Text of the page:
Skip to content

The World’s Smallest Seagull.

August 23, 2014

Little Gull

I saw something this morning- a new life list bird for me.  It was easy to pick a topic for this post 🙂

0814-4 (2)

After a very foggy Saturday morning drive, I showed up at Alum Creek State Park- the beach there, to be more specific.  I had seen online that birders had spotted a rare bird there.

Last August, I had gone to the same place looking for a different bird.  Even if August is still summer, some birds have already gotten a head start on the autumn migration season- particularly shorebirds.

0814-4 (1)

The fog hung around for a while, shrouding everything in a misty glow.  The sun was trying to break through.

0814-4 (19)

0814-4 (16)

Seagulls really like the sandy beach here.  Ring-Billed Gulls are the most common species, often with a few Herring Gulls here and there.  Since sandy beaches are scarce in central Ohio, the beach here is a great place to see unusual birds.

0814-4 (14)

0814-4 (17)

The above Ring-Bill walked with a pronounced limp- I wonder how it’s leg got hurt.  It moved around well enough, though.  I’ve seen shorebirds with broken legs that still hop around and get enough to eat.

0814-4 (15)

0814-4 (22)

Killdeer- those abundant inland shorebirds-  like the beach as well.

0814-4 (4)

Cormorants flew by, not far above the water.

0814-4 (5)

0814-4 (9)

A little ways off from the big flock of gulls was a lone bird, always standing at the edge of the water.  It had a harsh call, unlike the others.

0814-4 (10)

0814-4 (8)

This was a Little Gull, a very descriptive name for the smallest gull in the world.  It can get up to a foot long, which is pretty small for such birds.

0814-4 (11)

This particular bird is an immature bird- it eventually will get an all-black head.  When these birds are young, they wander- and since they typically live in Europe, they can wander very far!  One bird that was banded as a nestling in Europe turned up in Pennsylvania the very first summer of its life.

Like some other gulls, this bird will take 3 years to become an adult- changing its appearance each year.  Yes, seagulls can be difficult to identify…

There are rare colonies of this bird in North America- so it can be seen migrating along the east coast or around the Great Lakes.  Seeing one in central Ohio is a treat- Lake Erie is a ways off.

0814-4 (12)

This bird eats by standing along the water’s edge and grabbing floating food, such as insects or crustaceans.  That’s why it looks like it’s looking out to sea.  A very neat bird- one that may not be seen again for quite a while in this area.  I’m glad I got to snap its picture- you never know what’s going to turn up!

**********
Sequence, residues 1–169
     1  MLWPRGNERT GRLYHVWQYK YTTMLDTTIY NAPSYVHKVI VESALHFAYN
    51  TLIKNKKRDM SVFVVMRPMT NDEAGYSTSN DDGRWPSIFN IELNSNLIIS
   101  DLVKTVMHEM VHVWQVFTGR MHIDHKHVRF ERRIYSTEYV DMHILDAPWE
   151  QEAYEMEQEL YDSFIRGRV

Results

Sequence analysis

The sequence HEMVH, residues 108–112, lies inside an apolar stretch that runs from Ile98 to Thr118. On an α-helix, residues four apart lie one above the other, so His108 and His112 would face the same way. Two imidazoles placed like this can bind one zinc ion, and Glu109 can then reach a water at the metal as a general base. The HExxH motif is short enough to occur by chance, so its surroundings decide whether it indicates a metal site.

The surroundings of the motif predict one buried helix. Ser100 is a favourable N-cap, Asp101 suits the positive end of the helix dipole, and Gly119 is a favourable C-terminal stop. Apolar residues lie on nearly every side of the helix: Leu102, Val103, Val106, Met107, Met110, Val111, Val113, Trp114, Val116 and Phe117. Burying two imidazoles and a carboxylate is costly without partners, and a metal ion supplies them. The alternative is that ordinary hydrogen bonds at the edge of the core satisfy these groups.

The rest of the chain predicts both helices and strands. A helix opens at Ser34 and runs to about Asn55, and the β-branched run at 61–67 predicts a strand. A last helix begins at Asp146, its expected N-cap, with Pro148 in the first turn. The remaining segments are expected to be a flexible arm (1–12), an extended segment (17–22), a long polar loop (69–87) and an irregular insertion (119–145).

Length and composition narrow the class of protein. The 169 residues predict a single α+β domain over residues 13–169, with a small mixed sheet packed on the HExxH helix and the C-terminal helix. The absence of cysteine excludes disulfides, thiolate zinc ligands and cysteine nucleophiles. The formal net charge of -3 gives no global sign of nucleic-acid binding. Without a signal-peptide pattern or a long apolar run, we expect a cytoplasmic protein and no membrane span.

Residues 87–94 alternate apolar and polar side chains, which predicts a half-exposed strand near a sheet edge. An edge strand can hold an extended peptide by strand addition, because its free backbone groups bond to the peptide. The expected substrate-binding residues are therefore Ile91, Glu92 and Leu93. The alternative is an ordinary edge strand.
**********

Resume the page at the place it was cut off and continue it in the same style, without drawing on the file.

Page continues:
26 Comments leave one →
  1. August 23, 2014 10:59 pm

    Way cool, what a great find! It looks very much like an immature Bonaparte’s gull, but then, all gulls look alike to me. 😉

    • August 23, 2014 11:09 pm

      Hah, you and me both! ‘What gull is this? It sort of looks like a 2nd-year this, or is it a first-year that?’

  2. August 23, 2014 11:28 pm

    Tracy, congratulations on seeing one of your dream birds! Always enjoy your post—but the pictures on this one were a bit of a shock for me. Northern beaches look a whole lot different from the ones down south. Is that brown stuff supposed to be sand? Guess ya’ll save the white for the snow.

    • August 24, 2014 8:43 am

      I’m pretty sure that the sand was hauled in since the reservoir itself is artificial, John- back in the 60s and 70s lots of reservoirs were built in Ohio to meet the growing population’s demand for water (the population isn’t necessarily growing now- but back then it was, big time). A good amount of the bodies of water up here aren’t quite ‘natural’ in the sense that rivers and creeks had dams placed upon them to build up a body of water in front of them…also, in the summer when the beaches are heavily used, they bring in earth-moving equipment to frequently rake out the sand- and perhaps add new sand on top.

      I’m sure there are a good amount of natural bodies of water up north, but Ohio isn’t the best place to look for them, outside of Lake Erie anyway!

      I know what you mean about white sand- i saw it in the Carolinas many years ago on vacation 🙂

  3. August 24, 2014 3:32 am

    Exciting! Lovely photos – especially the last one. Well done!

  4. August 24, 2014 7:24 am

    Very cool! Not a bird we see every day.

  5. August 24, 2014 8:44 am

    Hi. Great addition to the Life List.

  6. August 24, 2014 9:20 am


  7. August 24, 2014 11:31 am

    What a cute bird! Apparently they come here (to the Eastern Shore of Maryland) during the winter months. I’ll have to keep an eye out for them.

  8. August 24, 2014 4:59 pm

    They look much like our black headed gulls. Are they the same bird?

  9. August 24, 2014 7:28 pm

    What a wonderful sighting!

  10. August 24, 2014 11:52 pm

    Quite a find! It’s a beautiful bird!

  11. August 31, 2014 8:08 pm

    Okay, you are good. You are even making seagulls look interesting and attractive. In honor, I have a joke for you… “Why don’t seagulls fly over the bay?”

    “Because then they’d be bay gulls (bagels)”

  12. September 8, 2014 2:20 am

    The Little Gull is a pretty little bird.

    • September 8, 2014 1:47 pm

      It certainly is, Patti- I’m always surprised to see so many gulls nowhere near the ocean!


  1. Rare Migrant Seagulls. | Seasons Flow

Leave a Reply

Fill in your details below or click an icon to log in: Logo

You are commenting using your account. Log Out /  Change )

Google photo

You are commenting using your Google account. Log Out /  Change )

Twitter picture

You are commenting using your Twitter account. Log Out /  Change )

Facebook photo

You are commenting using your Facebook account. Log Out /  Change )

Connecting to %s

%d bloggers like this: